Fine, but at the end of the day, what’s in it for them? The answer, says Erkamp, is the very thing that might initially hold them back – self-interest. ‘Smart streetlighting has existed for 20 years, but market penetration only ever reached one or two per cent. There were no savings for customers and companies did not get the turnover they were looking for. Why? Because the companies involved did not collaborate to ensure a solution that would be useful in the field, where most customers use products from different vendors. This led to a very low market acceptance, despite an important energy-saving potential for customers.’
Companies fixated on their own proprietary systems risk strangling a new market at birth”
Open innovation works best for emerging markets with potential, he says. Companies fixated on their own proprietary systems risk strangling a new market at birth because customers will not risk tying themselves to such products. But it’s not just a question of establishing open standards, modularity and interoperability. It’s also about concepts.
‘For example, what is healthy lighting?’ Erkamp says. ‘It’s about the influence of light beyond its visual performance. Research has demonstrated that blue lighting can “activate” people – but when companies claim without hard evidence that their method is better than what competitors are offering, the end result can be that customers think this is just marketing crap.’
He adds: ‘No single company can claim “we have human-centric lighting but no one else does”. It’s a new concept that requires further research. It’s about developing a common concept of how the benefits of healthy lighting can be realised in the market. No company or research institute can do it on their own, so open or shared innovation is important.’
In an encouraging indication of a new cooperative culture, ‘clusters’ have emerged in Europe (although not yet in the UK) bringing together key stakeholders such as electronics, communications and product design companies, hospitals and local government clients. They operate much like social networks, says Erkamp, with mutual trust as the glue holding everything together. Cluster members are working with Lighting for People on ‘business development experiments’ that it is hoped will lead to the joint creation of beneficial real-world applications.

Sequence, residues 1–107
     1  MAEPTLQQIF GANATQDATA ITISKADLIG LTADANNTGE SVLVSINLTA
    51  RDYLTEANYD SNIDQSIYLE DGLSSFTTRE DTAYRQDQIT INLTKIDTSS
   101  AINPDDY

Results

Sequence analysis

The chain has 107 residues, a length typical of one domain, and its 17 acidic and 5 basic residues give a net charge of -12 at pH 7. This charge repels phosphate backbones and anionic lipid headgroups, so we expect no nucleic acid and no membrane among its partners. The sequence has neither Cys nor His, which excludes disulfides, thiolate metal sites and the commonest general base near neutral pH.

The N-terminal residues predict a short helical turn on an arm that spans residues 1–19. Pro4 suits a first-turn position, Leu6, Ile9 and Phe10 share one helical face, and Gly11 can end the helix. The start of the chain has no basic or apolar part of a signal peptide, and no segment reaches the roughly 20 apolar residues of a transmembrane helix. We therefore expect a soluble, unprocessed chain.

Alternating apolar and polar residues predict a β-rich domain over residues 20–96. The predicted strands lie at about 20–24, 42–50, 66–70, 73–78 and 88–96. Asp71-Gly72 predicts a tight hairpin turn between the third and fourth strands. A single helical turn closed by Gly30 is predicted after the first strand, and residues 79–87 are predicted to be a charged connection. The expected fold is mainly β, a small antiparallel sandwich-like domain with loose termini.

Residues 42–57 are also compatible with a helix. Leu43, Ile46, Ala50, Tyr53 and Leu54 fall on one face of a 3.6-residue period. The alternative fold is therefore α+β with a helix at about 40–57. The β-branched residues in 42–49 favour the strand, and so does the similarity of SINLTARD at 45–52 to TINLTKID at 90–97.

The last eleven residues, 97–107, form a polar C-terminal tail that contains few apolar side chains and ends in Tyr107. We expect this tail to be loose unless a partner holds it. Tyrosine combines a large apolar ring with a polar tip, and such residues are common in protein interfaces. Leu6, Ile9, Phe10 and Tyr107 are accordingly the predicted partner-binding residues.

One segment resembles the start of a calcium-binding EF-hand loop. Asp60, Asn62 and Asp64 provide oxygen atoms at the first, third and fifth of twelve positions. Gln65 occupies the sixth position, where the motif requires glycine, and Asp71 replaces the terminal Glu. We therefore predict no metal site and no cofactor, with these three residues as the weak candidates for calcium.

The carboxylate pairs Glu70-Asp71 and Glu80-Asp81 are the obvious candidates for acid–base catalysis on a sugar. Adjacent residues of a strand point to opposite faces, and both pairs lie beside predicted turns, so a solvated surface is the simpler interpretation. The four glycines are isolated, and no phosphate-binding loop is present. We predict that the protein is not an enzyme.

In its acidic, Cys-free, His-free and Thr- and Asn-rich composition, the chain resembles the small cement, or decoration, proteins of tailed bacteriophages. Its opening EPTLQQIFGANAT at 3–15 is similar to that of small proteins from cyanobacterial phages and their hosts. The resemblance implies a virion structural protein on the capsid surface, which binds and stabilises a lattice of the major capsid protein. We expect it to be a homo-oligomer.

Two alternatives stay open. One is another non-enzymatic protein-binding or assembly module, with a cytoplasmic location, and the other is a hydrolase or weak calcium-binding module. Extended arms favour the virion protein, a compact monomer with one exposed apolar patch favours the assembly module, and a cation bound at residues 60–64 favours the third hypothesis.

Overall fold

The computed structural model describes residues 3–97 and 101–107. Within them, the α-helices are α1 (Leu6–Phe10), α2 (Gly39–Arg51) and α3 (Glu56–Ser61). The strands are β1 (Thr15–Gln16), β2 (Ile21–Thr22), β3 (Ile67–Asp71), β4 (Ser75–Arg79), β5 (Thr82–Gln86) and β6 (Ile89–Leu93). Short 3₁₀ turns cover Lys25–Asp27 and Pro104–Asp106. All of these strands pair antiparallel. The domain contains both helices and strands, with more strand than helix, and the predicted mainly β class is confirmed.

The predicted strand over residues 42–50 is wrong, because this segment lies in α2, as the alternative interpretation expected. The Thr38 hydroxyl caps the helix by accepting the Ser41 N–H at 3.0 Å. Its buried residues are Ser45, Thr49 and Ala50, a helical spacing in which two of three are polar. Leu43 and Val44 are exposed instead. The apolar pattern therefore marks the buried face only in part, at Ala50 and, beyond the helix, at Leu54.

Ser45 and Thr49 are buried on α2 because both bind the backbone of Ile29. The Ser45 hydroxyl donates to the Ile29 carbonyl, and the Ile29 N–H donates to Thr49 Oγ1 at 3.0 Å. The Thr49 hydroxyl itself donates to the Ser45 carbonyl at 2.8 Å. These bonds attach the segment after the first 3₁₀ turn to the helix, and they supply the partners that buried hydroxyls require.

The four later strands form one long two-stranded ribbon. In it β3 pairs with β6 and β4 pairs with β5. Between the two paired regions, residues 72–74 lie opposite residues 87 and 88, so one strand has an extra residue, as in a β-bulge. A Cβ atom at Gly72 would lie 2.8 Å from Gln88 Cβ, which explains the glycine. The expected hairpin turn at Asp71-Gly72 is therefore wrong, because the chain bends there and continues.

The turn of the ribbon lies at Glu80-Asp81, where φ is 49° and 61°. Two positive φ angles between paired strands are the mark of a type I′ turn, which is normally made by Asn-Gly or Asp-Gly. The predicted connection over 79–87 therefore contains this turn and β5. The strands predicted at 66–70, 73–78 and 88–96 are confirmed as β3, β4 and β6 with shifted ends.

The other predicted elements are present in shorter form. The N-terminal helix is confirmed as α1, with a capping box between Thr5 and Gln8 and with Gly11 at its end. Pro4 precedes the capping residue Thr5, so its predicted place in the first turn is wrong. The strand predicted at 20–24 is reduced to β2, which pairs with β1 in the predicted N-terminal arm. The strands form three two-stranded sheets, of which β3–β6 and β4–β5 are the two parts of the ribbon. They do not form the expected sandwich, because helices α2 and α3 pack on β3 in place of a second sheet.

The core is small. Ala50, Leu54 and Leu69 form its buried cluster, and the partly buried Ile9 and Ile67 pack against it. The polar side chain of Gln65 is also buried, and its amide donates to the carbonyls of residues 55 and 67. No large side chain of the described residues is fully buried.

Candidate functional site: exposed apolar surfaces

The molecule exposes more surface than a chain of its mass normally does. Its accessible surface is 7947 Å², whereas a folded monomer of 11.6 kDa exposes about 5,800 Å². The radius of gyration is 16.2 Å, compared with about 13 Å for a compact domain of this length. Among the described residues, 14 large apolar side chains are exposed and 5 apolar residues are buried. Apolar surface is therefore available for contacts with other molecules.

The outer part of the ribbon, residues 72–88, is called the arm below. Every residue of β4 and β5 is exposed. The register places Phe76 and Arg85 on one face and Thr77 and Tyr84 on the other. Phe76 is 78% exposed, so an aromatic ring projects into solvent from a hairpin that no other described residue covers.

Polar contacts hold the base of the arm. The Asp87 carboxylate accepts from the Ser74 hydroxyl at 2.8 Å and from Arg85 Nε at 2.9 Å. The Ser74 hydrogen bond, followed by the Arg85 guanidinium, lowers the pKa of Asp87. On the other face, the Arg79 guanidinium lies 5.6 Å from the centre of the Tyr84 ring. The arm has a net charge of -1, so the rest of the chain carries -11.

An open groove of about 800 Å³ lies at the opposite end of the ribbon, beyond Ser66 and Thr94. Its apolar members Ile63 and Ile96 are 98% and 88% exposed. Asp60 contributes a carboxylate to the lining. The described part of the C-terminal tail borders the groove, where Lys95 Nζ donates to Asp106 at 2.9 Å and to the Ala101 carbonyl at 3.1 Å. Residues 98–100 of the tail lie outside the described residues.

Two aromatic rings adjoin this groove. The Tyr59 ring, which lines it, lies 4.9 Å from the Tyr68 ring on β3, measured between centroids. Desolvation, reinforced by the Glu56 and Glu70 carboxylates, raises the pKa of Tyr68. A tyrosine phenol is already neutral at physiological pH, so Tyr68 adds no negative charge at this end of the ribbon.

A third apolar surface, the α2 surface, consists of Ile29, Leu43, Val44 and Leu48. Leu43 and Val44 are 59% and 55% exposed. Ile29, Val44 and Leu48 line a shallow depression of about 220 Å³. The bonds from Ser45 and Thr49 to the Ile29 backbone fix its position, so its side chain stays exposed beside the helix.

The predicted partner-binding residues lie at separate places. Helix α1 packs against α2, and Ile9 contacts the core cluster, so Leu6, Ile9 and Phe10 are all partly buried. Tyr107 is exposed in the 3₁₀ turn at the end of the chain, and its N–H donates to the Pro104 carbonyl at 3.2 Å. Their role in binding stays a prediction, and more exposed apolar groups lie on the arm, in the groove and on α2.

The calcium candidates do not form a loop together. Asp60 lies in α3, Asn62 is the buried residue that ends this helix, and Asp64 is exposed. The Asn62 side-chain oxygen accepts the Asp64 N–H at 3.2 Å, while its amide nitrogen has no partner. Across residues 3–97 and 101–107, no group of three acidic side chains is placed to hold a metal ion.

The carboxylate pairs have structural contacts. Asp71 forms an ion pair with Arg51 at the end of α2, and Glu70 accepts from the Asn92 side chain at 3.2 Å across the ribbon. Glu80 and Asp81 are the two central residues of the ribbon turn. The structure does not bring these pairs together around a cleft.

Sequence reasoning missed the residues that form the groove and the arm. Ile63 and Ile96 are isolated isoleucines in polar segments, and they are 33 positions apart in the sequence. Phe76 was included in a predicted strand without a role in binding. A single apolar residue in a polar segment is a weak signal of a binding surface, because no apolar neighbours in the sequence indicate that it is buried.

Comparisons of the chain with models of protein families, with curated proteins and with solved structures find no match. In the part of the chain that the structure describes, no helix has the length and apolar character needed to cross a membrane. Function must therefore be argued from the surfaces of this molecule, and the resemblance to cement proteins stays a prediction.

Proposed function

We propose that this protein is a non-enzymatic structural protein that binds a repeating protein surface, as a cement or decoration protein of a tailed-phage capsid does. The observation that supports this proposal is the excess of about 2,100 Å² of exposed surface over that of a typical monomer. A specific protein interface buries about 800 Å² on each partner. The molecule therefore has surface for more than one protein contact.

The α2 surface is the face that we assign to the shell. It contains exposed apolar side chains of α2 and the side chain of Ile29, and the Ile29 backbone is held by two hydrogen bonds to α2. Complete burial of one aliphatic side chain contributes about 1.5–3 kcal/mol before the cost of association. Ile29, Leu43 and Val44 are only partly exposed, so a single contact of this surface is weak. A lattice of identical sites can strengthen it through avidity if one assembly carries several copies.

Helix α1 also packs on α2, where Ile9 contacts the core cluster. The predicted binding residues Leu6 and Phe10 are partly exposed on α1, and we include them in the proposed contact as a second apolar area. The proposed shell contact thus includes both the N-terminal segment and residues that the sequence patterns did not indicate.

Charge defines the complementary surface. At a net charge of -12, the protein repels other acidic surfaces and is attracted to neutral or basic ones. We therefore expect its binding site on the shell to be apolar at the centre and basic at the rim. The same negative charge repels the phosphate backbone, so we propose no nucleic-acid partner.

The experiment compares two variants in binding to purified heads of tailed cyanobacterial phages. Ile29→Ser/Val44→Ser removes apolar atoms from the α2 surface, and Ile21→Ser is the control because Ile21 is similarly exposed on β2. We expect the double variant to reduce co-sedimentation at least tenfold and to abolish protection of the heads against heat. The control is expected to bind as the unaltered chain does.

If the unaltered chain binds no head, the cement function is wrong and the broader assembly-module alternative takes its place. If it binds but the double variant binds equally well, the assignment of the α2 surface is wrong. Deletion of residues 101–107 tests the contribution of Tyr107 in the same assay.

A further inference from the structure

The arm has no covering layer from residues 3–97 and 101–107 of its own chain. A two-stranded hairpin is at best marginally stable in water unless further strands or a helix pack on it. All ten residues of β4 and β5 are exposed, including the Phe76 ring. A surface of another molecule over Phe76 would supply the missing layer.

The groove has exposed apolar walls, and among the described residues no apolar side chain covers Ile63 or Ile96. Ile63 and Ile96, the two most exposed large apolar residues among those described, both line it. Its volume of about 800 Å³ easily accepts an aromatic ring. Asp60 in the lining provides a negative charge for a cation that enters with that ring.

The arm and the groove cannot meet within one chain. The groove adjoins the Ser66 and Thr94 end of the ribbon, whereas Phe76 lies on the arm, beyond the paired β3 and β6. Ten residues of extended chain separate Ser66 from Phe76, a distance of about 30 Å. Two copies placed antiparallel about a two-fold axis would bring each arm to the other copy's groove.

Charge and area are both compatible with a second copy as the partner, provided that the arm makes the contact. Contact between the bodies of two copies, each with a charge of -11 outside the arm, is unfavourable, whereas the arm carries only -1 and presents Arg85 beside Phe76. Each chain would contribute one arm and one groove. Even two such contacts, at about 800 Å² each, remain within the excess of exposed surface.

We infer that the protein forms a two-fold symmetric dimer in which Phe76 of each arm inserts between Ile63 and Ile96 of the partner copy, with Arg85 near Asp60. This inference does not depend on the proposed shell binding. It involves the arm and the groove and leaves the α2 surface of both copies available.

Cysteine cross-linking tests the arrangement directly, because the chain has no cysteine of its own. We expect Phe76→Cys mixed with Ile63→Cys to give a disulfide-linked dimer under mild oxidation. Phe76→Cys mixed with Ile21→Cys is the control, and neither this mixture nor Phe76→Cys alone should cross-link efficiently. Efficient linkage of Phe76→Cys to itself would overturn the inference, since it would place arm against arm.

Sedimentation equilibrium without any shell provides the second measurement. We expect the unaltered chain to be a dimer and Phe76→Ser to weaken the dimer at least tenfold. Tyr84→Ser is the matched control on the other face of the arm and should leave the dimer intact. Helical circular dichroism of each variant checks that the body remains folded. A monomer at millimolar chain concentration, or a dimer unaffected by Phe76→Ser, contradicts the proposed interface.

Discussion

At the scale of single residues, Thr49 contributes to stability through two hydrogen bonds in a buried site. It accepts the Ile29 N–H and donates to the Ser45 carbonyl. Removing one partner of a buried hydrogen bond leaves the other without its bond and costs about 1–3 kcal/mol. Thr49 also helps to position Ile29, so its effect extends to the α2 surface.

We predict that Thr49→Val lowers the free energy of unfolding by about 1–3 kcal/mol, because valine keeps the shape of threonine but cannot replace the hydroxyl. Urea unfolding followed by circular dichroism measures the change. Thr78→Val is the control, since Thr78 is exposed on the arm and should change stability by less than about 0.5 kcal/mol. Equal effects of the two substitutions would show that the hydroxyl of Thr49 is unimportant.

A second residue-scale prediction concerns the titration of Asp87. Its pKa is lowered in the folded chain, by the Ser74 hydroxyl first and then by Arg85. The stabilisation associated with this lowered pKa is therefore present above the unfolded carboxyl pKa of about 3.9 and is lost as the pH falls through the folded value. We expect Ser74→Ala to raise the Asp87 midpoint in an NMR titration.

Nothing solid has yet emerged from all this activity, but developments are ‘in the pipeline’, according to Erkamp. His own focus is on lighting as an ingredient in creating smart cities and buildings. ‘For example, a light point could act as a sensing platform for a smart city,’ he explains. ‘You could combine the lighting domain with another domain to run the city better. You could put sensors on streetlights to automatically sense noise in the city; the same measurement could also identify someone crying out for help when attacked.
‘This is ongoing and under development. But it’s only possible if lighting companies collaborate with companies looking at the sensors and the cloud platform, and all the competencies needed for that.’
LEDs have opened up a new world of possibilities, but will the old system of secrecy and in-house development predominate, or can the industry find the will – and the courage – to work together? Companies need to fight for their own profit, Erkamp says, but that doesn’t have to mean fighting against everyone else. ‘To develop a new market, sometimes collaboration with a competitor is needed – and then it’s a win-win.’